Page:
Sarah Palin Piles Into Alexandria Ocasio-Cortez for Fumbling 'Basic Civics'

Former vice presidential candidate Sarah Palin has joined the right-wing mockery of Democratic House freshman Alexandria Ocasio-Cortez, after the 29-year-old made erroneous remarks about the U.S. political system in a Zoom video Monday.

Ocasio-Cortez—the youngest woman ever elected to Congress—told supporters on the video call that they should "work our butts off to make sure that we take back all three chambers of Congress—Uh, rather, all three chambers of government: the presidency, the Senate and the House."

Right-wing news commentators and politicians quickly picked up on Ocasio-Cortez's civics gaffe, using it to level accusations of inexperience and ignorance.

Palin—the former governor of Alaska—was one of them, using her website to say Ocasio-Cortez "fumbled basic civics twice in one sentence." The article also claimed the representative-elect for New York's 14th Congressional District "again proved that her transition into the political fray has been bumpy, to say the least."

Following the criticism, Ocasio-Cortez defended herself on Twitter. "Maybe instead of Republicans drooling over every minute of footage of me in slow-mo, waiting to chop up word slips that I correct in real-tomd [sic], they actually step up enough to make the argument they want to make: that they don't believe people deserve a right to healthcare," she wrote. Ocasio-Cortez quickly issued a correction noting she meant to write, "real-time."

The congresswoman's supporters rallied around her on social media, pointing out some of Palin's own embarrassing performances back when she was a prominent figure in U.S. politics, Yahoo noted.

In October 2008, for example, Palin was interviewed on television station KUSA. When asked to define the role of the vice president—the post for which she was running—she incorrectly answered, "They're in charge of the U.S. Senate so if they want to they can really get in there with the senators and make a lot of good policy changes that will make life better."

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Alexandria Ocasio-Cortez speaks to her supporters during her election night party in the Queens borough of New York, on November 6. Right-wing commentators have seized on Ocasio-Cortez's every word to call attention to her inexperieince. DON EMMERT/AFP/Getty Images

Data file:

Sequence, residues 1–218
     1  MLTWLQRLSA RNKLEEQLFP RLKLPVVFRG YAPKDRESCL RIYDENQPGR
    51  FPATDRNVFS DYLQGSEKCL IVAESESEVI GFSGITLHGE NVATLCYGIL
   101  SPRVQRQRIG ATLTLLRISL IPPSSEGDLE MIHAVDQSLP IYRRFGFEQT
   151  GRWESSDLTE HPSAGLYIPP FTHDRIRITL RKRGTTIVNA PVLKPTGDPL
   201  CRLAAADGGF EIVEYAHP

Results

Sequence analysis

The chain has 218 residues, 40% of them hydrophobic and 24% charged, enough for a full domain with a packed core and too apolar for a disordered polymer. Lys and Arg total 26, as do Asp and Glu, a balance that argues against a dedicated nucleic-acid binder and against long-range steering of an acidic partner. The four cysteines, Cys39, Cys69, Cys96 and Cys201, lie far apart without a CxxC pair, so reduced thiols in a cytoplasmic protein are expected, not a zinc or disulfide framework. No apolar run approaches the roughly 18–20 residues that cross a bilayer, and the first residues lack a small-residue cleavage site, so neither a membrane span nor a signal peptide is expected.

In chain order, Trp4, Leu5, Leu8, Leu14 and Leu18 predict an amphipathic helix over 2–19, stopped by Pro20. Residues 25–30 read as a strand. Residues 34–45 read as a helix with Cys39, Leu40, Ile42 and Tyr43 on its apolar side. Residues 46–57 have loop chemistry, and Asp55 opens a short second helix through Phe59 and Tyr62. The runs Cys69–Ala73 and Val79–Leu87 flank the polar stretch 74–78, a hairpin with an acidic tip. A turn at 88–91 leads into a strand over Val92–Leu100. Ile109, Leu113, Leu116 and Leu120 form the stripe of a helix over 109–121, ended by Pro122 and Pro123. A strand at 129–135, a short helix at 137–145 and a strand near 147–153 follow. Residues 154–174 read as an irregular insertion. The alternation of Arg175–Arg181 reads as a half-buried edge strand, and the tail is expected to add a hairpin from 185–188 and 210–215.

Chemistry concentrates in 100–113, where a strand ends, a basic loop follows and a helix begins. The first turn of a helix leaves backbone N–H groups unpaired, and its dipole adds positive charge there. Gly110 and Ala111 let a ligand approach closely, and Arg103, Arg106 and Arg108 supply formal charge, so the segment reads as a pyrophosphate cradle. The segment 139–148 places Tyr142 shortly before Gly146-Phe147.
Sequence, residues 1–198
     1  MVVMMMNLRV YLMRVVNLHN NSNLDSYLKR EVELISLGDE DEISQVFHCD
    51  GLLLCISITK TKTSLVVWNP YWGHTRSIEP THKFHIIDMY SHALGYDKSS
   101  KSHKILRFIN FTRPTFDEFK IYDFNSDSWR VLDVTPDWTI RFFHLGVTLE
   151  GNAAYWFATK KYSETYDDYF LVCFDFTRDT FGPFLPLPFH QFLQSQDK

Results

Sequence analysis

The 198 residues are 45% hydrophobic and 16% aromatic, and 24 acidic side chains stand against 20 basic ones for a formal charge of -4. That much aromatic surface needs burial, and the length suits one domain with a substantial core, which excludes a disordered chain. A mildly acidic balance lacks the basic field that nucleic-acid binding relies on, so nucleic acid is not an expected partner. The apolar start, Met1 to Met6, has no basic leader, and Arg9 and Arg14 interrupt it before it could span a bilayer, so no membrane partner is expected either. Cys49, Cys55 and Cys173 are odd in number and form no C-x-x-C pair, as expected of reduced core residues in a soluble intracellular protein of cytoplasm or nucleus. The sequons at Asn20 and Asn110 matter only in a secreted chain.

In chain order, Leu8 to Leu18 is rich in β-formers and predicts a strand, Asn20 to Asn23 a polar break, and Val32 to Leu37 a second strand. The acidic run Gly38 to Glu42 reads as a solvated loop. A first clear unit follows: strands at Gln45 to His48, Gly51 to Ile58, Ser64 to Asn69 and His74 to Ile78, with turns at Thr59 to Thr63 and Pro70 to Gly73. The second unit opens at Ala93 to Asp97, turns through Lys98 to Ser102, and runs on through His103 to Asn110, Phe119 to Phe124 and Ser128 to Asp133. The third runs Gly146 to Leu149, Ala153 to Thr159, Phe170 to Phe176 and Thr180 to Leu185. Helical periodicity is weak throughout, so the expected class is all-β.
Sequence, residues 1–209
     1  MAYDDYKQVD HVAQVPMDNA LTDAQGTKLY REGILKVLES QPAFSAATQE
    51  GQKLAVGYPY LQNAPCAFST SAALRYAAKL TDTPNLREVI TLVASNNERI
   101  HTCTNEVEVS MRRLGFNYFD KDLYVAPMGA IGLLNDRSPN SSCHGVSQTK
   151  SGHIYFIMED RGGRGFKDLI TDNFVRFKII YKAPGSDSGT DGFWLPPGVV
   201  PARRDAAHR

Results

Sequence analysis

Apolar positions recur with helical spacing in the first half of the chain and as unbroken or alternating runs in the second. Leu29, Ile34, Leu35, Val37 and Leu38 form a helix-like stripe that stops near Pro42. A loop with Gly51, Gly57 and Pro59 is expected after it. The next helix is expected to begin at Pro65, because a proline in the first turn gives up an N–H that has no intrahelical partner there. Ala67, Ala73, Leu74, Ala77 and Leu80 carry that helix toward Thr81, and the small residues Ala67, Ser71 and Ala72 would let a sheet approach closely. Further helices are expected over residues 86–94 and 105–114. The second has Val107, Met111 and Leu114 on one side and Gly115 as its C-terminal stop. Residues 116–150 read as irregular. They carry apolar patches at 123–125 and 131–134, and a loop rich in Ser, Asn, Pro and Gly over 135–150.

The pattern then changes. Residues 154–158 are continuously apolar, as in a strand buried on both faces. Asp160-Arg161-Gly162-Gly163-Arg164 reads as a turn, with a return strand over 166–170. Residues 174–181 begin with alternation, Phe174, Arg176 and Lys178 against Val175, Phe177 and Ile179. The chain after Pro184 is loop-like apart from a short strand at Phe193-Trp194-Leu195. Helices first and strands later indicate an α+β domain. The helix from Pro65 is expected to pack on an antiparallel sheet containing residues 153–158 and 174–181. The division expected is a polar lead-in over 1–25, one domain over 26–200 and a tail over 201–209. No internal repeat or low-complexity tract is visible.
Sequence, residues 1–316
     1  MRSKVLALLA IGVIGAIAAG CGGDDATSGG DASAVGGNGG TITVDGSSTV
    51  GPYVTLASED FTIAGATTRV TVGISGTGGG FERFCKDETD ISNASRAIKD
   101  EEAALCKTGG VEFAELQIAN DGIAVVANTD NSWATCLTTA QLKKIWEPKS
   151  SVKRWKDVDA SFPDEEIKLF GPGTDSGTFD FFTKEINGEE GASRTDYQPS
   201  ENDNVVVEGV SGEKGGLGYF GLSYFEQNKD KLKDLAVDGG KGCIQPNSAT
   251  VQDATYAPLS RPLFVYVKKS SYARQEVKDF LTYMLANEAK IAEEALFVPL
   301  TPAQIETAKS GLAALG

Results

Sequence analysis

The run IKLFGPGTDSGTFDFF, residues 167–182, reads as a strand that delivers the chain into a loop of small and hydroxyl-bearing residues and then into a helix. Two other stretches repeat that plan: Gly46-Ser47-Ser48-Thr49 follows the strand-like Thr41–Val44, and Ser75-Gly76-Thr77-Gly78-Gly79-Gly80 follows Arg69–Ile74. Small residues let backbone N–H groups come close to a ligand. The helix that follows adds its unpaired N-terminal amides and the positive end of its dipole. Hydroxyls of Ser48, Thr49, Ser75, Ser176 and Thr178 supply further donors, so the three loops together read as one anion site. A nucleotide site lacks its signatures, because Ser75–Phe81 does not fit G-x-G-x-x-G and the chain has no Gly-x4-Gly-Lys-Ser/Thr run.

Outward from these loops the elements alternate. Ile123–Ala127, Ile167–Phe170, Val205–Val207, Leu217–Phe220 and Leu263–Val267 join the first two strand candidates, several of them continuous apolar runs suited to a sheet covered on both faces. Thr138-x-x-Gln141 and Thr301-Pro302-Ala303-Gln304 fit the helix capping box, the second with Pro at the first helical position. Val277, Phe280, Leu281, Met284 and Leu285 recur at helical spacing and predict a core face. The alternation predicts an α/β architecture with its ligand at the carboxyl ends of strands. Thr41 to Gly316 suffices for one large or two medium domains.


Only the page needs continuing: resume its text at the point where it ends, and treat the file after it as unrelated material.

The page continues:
And in 2010 when speaking with political commentator Glen Beck, Palin seemed to display a grave misunderstanding of American foreign policy. When discussing North Korea, she told Beck, "Obviously, we've got to stand with our North Korean allies—we're bound to by treaty." When Beck suggested perhaps she meant South Korea, Palin replied, "Yes, and we're also bound by prudence to stand with our South Korean allies, yes."

Ocasio-Cortez is one of the most prominent members of the progressive wave sweeping the Democratic Party. She has called for Medicare for all, the abolition of Immigration and Customs Enforcement, tuition-free college education and more action to address climate change.

Her unabashedly liberal platform has drawn the ire of both establishment and fringe right-wingers, and she has been sparring with her critics before even having taken her seat in the House. Last week, she responded to comments from a Washington Examiner reporter who criticized her for wearing seemingly expensive clothes, yet saying she couldn't afford to take a D.C. apartment before her congressional salary kicked in.

"If I walked into Congress wearing a sack, they would laugh & take a picture of my backside," she wrote on Twitter. "If I walk in with my best sale-rack clothes, they laugh & take a picture of my backside. Dark hates light—that's why you tune it out. Shine bright & keep it pushing."